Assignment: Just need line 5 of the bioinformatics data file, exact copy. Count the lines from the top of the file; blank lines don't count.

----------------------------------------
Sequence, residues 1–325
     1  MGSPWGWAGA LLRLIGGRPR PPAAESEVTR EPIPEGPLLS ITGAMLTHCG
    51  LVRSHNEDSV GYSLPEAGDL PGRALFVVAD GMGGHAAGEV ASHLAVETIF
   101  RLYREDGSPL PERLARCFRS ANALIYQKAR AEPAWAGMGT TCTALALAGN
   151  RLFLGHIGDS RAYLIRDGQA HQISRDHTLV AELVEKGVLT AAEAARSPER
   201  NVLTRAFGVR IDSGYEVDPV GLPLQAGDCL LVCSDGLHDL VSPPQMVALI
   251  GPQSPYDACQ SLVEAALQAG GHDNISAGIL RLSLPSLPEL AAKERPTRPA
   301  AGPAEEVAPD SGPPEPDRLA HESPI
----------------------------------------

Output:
   151  RLFLGHIGDS RAYLIRDGQA HQISRDHTLV AELVEKGVLT AAEAARSPER